8 The Rules (and Exceptions) of Inheritance

This chapter covers:

  • Using inheritance and composition together to model systems
  • Using Python built-ins to inspect object types
  • Making interfaces more strict with abstract base classes

If you’ve written your own classes or used a class-based framework in Python, you’ve almost certainly encountered inheritance. Classes can inherit from other classes, ending up with their parent class' data and behavior. In this chapter you’ll learn the details of inheritance in Python, where it works well, and where it should be avoided.

8.1  The inheritance of programming past

Inheritance was conceived of in the early days of computer programming, but although it’s existed for a long time, folks still have spirited debates about when and how it should be used. For much of the history of object-oriented programming, inheritance was the name of the game. Many applications sought to model the real world as a carefully-curated hierarchy of objects, in the hopes that it would lead to some kind of obvious, neat structure. This paradigm was so embedded into object-oriented programming practices that the two concepts—object-oriented programming and inheritance—were nearly inseparable.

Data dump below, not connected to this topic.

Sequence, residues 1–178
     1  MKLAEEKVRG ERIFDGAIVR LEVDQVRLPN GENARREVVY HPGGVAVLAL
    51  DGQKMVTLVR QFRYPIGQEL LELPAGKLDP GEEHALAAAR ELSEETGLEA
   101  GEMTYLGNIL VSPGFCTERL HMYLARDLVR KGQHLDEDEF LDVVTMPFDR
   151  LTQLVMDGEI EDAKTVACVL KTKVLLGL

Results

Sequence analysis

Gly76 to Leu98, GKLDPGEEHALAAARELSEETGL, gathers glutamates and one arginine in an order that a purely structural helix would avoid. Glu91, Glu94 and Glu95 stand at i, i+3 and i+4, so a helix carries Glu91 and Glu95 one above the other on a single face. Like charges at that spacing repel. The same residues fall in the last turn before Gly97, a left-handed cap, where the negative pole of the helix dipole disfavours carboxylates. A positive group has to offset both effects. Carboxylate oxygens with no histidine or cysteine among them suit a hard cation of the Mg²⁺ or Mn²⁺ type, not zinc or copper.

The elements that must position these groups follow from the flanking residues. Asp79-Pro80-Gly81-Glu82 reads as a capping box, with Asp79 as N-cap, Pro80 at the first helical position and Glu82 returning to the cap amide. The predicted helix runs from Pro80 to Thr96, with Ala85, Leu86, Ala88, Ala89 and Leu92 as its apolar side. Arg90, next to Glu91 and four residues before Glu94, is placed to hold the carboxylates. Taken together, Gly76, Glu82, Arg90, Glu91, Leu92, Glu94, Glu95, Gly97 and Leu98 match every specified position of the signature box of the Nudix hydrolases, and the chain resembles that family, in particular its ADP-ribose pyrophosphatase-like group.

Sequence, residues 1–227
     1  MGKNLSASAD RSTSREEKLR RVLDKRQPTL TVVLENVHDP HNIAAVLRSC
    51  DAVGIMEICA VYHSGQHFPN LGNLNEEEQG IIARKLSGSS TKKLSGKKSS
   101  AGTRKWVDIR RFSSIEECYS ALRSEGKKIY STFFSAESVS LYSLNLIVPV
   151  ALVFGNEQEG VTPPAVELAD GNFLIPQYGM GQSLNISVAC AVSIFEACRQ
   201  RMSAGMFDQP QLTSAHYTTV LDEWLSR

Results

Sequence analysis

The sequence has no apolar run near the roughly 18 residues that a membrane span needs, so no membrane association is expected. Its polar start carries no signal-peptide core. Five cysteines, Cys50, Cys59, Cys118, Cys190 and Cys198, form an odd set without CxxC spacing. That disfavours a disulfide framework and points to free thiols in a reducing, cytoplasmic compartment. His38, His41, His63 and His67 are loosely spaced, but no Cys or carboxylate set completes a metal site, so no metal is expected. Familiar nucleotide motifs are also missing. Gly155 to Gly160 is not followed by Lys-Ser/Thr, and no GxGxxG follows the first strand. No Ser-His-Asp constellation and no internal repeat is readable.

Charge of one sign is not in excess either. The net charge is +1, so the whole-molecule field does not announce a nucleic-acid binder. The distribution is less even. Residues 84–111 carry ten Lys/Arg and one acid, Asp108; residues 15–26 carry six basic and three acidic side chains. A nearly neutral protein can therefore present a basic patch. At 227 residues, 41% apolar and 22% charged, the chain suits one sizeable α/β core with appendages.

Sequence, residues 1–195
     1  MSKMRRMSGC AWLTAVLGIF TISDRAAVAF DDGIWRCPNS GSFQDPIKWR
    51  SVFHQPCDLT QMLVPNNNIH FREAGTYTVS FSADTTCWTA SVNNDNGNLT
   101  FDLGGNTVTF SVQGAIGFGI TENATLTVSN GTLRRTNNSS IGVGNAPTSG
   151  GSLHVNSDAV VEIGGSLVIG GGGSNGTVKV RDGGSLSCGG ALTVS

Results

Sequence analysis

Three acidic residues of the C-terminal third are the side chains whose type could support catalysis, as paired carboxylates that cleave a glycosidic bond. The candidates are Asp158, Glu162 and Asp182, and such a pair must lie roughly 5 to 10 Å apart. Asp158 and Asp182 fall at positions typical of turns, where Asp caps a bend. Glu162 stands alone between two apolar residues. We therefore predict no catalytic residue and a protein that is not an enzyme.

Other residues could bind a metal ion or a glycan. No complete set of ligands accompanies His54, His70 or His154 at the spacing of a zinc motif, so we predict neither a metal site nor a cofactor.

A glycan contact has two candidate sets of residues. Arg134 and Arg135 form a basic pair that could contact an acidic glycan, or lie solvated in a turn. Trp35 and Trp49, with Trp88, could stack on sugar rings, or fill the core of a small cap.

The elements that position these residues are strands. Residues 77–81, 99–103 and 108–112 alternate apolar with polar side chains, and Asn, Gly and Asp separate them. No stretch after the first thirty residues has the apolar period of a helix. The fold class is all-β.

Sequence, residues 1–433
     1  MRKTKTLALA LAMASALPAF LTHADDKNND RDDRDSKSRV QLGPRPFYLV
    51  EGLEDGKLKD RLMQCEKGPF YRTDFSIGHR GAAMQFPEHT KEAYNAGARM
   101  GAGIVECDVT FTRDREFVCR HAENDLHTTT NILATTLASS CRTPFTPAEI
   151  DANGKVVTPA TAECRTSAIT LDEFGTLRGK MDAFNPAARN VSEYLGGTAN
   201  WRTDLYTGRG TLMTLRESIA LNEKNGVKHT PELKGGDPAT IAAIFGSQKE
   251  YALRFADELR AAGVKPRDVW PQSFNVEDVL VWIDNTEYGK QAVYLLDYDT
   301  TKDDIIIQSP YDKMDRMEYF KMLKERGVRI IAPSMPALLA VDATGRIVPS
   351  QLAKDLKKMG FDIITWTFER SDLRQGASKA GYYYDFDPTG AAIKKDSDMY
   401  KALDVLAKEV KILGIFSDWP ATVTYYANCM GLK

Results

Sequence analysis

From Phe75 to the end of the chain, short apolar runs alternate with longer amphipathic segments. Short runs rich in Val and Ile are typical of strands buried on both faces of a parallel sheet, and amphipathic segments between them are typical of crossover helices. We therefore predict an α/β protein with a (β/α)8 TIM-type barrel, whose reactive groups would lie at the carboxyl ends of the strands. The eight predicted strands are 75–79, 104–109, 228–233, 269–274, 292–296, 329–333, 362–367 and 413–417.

8.1.1  The silver bullet

Though inheritance is the right tool to reach for sometimes, it has been used on occasion as the hammer for every nail—the elusive "silver bullet." Much like a silver bullet, however, a paradigm that meets every need is a work of fiction.

8.1.2  The challenges of hierarchies

8.2  The inheritance of programming present

8.2.1  What is inheritance for, really?

8.2.2  Substitutability

8.2.3  The ideal use case for inheritance

8.3  Inheritance in Python

8.3.1  Type inspection

8.3.2  Superclass access

8.3.3  Multiple inheritance and method resolution order

8.3.4  Abstract base classes

8.4  Inheritance and composition in Bark

8.4.1  Refactoring to use an abstract base class

8.4.2  A final check on your inheritance work

8.5  Summary